Japan self-checkout supermarket cart smart trolley system Life Pipit how to shopping photos

Will smart trolleys and mobile scanners soon become the norm across Japan? 

Ever since the pandemic, Japan has had to rethink the way it does business, particularly when it comes to customer-facing roles. The shift to contactless systems continues to progress at a rapid pace, with some supermarket chains now adding smart carts and mobile scanning systems to their stores.

One such chain is Life, where customers have the option to use a mobile self-checkout service called Pipit Self. While the new service promises to make the shopping experience smoother and faster for the customer, there are some concerns about the service, so let’s take a look at how it works.

We came across Pipit Self at a branch in Higashi Nakano, Tokyo, where the mobile self-checkout service was introduced when the store reopened on 1 September. While the business hours at this branch are 9 a.m. until midnight, the service can only be used from 9 a.m. to 9 p.m.

▼ Those who use Pipit Self can pay by cash, card, or smartphone payment apps.

▼ The mobile service can be used with carts, which come with a tablet and scanner…

…or with handheld baskets, which don’t come with tablets, instead requiring the customer to use a smartphone to scan items. Customers can either use their own smartphone as a scanner by downloading the app, which can be accessed by scanning one of the QR codes at the bottom of this sign…

…or, if you don’t want to install the app, there are smartphone terminals available exclusively for use in the store.

With our smartphones already full of apps we don’t often use, we opted to use one of these terminals for today’s shop.

Whether you use your own smartphone or the one provided by the store, you’ll need to check-in first by scanning the entrance code, which makes its importance known by being the largest QR code on the sign by the carts.

▼ Now it’s time to go shopping.

The first thing we picked up was a salad, so we scanned the barcode on the product and waited for the “connecting” dial to complete itself before popping it into the cart.

The screen displayed the pre-tax cost of the item in yellow, while the total number of items in the cart was displayed at the top left, and the running total, including tax, on the top right.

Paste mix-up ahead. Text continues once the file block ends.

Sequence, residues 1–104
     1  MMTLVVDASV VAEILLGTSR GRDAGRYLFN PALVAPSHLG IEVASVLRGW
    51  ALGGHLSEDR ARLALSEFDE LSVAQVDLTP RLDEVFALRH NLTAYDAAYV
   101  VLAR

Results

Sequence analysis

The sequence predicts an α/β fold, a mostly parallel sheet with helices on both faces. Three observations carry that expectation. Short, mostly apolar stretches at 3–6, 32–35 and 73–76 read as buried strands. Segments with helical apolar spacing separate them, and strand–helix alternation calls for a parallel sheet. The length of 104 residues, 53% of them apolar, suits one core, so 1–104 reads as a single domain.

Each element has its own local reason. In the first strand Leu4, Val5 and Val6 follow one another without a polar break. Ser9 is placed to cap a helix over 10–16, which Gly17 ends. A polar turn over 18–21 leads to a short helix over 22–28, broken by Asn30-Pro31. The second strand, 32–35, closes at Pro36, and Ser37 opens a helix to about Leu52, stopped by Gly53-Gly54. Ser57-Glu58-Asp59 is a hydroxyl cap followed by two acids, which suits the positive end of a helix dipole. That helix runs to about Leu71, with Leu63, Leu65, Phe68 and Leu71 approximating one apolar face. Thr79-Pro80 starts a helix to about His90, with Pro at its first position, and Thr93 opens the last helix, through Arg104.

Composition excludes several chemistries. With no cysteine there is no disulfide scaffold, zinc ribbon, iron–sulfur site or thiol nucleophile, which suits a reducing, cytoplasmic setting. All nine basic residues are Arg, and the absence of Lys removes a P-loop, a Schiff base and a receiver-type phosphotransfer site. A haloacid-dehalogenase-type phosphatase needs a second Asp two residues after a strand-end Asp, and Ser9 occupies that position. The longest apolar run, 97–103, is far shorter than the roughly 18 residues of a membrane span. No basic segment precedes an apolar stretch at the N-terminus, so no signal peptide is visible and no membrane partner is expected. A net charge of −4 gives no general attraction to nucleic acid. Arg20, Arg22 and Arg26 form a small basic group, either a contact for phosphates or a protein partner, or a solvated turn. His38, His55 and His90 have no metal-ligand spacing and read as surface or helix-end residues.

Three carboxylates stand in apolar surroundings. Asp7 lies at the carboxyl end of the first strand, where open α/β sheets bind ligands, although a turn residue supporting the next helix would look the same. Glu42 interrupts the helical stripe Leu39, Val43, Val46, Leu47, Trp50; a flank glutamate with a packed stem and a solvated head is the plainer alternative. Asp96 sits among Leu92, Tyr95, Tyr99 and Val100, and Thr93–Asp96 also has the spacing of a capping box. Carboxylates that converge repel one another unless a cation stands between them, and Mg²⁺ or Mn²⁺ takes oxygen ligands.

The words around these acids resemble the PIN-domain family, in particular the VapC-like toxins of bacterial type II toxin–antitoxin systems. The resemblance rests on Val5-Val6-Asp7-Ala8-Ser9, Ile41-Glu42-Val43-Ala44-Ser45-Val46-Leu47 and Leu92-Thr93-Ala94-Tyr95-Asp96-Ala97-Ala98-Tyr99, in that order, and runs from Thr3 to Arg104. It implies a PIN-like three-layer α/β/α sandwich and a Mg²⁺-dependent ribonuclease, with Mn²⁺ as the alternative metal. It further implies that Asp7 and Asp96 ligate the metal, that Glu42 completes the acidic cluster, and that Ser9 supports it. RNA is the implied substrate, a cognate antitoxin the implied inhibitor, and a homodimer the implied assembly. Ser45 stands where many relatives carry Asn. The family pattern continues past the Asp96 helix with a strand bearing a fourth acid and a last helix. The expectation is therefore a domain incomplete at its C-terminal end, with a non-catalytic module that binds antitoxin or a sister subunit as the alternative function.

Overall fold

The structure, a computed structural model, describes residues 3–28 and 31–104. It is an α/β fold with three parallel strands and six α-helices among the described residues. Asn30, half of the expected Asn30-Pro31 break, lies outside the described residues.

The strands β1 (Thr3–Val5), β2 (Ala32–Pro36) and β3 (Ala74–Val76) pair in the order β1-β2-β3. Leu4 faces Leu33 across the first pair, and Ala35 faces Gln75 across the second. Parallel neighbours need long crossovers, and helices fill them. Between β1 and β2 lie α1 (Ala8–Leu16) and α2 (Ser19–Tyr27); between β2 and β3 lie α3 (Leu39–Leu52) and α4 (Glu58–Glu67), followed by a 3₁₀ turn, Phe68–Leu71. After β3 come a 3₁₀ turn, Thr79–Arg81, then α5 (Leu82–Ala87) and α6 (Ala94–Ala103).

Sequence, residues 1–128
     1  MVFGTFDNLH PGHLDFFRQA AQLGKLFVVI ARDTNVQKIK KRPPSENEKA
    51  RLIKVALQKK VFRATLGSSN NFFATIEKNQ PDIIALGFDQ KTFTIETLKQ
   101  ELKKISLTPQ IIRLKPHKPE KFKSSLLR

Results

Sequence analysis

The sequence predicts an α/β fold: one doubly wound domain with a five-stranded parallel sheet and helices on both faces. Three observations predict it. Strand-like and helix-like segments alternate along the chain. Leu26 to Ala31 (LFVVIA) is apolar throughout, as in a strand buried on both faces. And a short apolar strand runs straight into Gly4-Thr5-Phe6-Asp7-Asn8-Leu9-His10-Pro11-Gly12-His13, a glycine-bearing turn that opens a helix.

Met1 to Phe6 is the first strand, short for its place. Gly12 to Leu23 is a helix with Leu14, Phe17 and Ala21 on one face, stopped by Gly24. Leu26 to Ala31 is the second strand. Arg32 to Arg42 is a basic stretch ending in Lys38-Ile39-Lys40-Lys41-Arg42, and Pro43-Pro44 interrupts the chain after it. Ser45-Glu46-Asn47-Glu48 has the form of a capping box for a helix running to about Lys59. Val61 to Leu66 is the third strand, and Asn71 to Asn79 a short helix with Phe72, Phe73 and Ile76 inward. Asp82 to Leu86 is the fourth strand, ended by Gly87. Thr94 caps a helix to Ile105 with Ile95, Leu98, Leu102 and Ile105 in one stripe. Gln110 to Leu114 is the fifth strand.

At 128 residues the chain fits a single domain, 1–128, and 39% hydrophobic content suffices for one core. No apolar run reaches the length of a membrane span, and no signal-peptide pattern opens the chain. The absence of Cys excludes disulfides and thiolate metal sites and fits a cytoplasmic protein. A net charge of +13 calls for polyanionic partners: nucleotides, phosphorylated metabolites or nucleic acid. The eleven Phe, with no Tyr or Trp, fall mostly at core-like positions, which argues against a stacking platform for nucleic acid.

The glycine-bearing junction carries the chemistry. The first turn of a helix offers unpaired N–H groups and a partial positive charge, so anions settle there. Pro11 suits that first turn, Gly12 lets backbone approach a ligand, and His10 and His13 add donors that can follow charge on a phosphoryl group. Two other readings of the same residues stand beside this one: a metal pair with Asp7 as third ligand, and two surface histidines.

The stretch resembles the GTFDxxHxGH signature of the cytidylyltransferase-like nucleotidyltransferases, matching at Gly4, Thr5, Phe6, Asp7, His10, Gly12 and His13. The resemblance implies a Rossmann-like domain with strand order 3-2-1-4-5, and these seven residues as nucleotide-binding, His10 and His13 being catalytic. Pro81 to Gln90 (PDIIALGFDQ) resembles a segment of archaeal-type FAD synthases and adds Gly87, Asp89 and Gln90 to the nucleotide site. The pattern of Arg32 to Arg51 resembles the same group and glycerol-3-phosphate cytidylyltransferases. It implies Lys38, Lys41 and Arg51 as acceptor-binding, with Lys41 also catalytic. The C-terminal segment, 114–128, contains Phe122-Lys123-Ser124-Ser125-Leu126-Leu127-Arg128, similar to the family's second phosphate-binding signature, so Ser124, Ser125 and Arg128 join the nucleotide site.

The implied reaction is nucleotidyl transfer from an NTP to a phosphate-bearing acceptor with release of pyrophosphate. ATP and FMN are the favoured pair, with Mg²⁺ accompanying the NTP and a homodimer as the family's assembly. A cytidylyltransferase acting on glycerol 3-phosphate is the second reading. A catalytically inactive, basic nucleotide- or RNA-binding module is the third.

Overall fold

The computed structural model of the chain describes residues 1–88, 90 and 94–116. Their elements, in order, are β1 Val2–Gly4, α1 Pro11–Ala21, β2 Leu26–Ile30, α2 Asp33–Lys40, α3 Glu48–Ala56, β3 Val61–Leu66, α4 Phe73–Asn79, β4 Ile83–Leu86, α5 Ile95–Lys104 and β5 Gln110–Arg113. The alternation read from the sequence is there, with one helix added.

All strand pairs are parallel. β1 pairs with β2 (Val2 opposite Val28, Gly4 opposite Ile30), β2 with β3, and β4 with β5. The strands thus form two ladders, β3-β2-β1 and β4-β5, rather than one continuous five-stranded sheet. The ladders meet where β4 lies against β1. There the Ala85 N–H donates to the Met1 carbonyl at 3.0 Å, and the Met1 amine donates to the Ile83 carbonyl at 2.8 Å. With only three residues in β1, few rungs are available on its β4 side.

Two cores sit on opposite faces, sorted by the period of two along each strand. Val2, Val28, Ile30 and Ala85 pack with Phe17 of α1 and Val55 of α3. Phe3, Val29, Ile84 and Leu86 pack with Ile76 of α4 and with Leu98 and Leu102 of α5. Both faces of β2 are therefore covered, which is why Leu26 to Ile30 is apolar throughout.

After the first scan, we quickly became used to the process, picking up our items, scanning them, and then placing them in the basket.

▼ With 13 items scanned, we had everything we needed, so now it was time to pay.

Heading over to the special self-checkout registers for Pipit Self customers, we used the scanner at the terminal to scan the barcode on our mobile scanner, which seemed like one too many scans in the streamlining process, given that some smart carts and mobile self-checkout systems abroad allow you to pay directly through the tablet or smart cart.

Japan is still mostly a cash society, though, which means paying at self-checkout registers like this is a necessary step, even as we move towards futuristic shopping experiences. At least now there are options to pay by credit card and payment apps as well, so you can choose your payment method on the screen.

After making your payment, you’re done! If you used an in-store mobile smartphone device like we did, you’ll need to return it by placing it in the basket at the register.

We found the system to be very convenient, but it doesn’t come without concerns for locals. One of the most glaringly obvious worries is the chance that some customers might fail to scan items, leading to a loss for the supermarket that might result in price hikes that would negatively impact all customers.

There’s also the possibility that children might drop items into the basket or cart without the adult knowing, which could result in those items being left at the self-checkout registers as they weren’t scanned. While these might seem like unnecessary concerns abroad, where systems like self-checkouts have been in place for years, here in Japan, where customers are only slowly making the jump from staff-scanned items to self-scanned ones, these are problems that are yet to be tested on a large scale.

In any case, we have high hopes that more stores will adopt this type of system in future, as it looks set to ease congestion and wait-times at checkouts. It’s the next best thing to shopping at one of Japan’s unstaffed stores, where you can buy everything from entrails to ice cream, without anyone around to bother you.

Store information
Life Higashi Nakano branch / ライフ 東中野店
Address: Tokyo-to, Nakano-ku, Higashinakano3-9-7
東京都中野区東中野 3-9-7
Hours: 9:00 a.m. – 12:00 a.m.

Related: NEWSCAST , Toshiba Tec Corporation
Photos © SoraNews24
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